The Māori and Green parties say the Prime Minister should have attended the Kiingitanga’s national hui but Labour — whose own leader is also not attending — has brushed off concerns.
Thousands of people from iwi across New Zealand are expected to attend hui-ā-motu at Tūrangawaewae marae on Saturday, after Kiingi Tuheitia late last year invited them to “unify the nation and hold the Government to account”.
The hui will start three weeks of events centred on Māori’s relationship with the Crown, with the usual gathering at Rātana on January 25 followed by Waitangi Day.
Prime Minister Christopher Luxon told reporters hewas not planning to attend the hui, saying it was “not actually a political event, per se, it’s actually not for politicians, we are not front and centre in those conversations”.
“It’s an opportunity for Māoridom to come together. I’m very supportive of it, I think it’s a good idea to be able to think about where is Māori going out to 2040 and beyond.”
Māori Development and Māori-Crown Relations Minister Tama Potaka is expected to attend, alongside National’s Northcote MP Dan Bidois.
ACT leader David Seymour confirmed he wouldn’t attend the hui, Stuff reports.
Meanwhile, New Zealand First deputy leader Shane Jones implied his party’s position when he suggested the gathering could end up turning into a “moan fest” earlier this week.
Te Pāti Māori co-leader Debbie Ngarewa-Packer said Luxon’s personal presence would have shown goodwill.
“It would have been good to see him arrive and show his goodwill, not only to the Kiingitanga but certainly to the kaupapa of the thousands of Māori that are turning up,” she said.
“Just because they didn’t vote for this Government doesn’t give him an out to not understand and support and represent Māori aspirations.
“He didn’t have to be the centre of all the discussions: A good leader listens, a good leader seeks to understand and a good leader then seeks to take that to their caucus and to their government.”
She said Māori would use the event as a chance to unite, but also to “escalate preparation for activation strategies”.
“We have to show the force of our collectivism, the force of our Māori economy, the force of what it is that we will do to protect the rights not only of our tangata whenua today but the rights of our mokopuna tomorrow.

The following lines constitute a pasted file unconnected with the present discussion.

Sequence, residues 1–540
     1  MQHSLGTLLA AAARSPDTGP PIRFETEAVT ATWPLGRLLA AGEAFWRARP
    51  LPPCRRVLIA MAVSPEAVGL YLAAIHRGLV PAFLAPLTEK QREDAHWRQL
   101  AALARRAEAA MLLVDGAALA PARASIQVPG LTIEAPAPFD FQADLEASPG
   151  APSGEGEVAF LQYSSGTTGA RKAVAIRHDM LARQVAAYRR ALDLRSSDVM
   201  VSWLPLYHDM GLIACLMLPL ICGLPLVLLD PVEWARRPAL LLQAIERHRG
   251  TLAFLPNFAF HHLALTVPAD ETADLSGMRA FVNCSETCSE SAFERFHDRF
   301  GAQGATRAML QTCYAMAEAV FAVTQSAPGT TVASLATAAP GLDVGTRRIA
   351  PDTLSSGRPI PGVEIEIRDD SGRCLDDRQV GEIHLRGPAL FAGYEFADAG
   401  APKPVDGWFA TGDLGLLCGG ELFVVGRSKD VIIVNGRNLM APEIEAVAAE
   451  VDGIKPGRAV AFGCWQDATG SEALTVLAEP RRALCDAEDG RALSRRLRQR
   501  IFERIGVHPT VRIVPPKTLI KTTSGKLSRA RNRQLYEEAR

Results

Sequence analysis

“One of our biggest aspirations is to be a thriving people … and ensure that through our whakapapa te Tiriti is respected. It was an opportunity for him to show goodwill to all Māori.
“Who would not want to be here, we’ve got the world trying to be here, so I think it’s an important opportunity for our growth.”
Green Party Māori Development spokesperson Hūhana Lyndon also said Luxon should have prioritised attending if the issues mattered to him.
“We know what the kaupapa is of the hui — and if it’s a priority for you, you would make yourself available,” she said. “We know we are going, Māori Party and Labour are going, and we want to be there to listen to te iwi Maori in wānanga hosted by the kiingitanga.”
She said the hui would serve more than one purpose.
“To listen and take heed of the key messages of te iwi Māori tomorrow, but also know that there will be a report produced which will be a taonga for our people but also for MPs to take away, capturing the thoughts, the whakaaro, of those who gathered there.
“As a hapū and iwi member, I will also utilise my voice to contribute to the wānanga that will be hosted by the kiingitanga.”
Labour’s leader Chris Hipkins was not expecting to attend, with the party’s Māori caucus showing up instead.
The party’s Māori Development spokesperson Willie Jackson was relaxed about Luxon’s non-attendance.
“He’s already had his meeting with the kiingitanga, hasn’t he?
“So I know that we’ll be there, the Labour MPs will be there, and whether [the Government] are listening or not I don’t know — but the reality is, it’s a significant meeting for Māori and I’m looking forward to it.”
rnz.co.nz with additional reporting from 1News